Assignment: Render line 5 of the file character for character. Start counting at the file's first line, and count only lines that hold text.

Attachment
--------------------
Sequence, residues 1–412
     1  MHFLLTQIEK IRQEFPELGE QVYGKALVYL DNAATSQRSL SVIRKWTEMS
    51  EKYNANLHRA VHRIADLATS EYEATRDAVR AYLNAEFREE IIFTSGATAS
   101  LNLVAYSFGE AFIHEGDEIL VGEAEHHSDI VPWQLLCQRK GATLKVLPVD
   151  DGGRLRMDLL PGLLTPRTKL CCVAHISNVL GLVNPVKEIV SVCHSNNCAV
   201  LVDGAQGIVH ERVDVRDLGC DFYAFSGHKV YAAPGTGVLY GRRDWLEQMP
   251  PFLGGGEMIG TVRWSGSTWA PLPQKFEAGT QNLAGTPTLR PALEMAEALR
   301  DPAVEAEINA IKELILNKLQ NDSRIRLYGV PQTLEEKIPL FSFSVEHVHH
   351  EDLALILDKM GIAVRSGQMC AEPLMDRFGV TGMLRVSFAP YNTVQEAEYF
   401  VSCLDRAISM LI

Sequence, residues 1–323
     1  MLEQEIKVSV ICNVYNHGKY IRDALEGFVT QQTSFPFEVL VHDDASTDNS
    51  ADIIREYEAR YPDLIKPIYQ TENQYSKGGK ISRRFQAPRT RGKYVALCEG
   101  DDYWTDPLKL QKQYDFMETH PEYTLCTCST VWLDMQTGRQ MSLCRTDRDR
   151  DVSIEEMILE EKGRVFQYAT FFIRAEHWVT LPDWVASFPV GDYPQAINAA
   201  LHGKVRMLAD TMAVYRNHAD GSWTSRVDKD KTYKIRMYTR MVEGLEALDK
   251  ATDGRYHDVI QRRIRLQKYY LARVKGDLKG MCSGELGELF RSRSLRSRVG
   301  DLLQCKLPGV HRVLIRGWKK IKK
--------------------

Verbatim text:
   151  DGGRLRMDLL PGLLTPRTKL CCVAHISNVL GLVNPVKEIV SVCHSNNCAV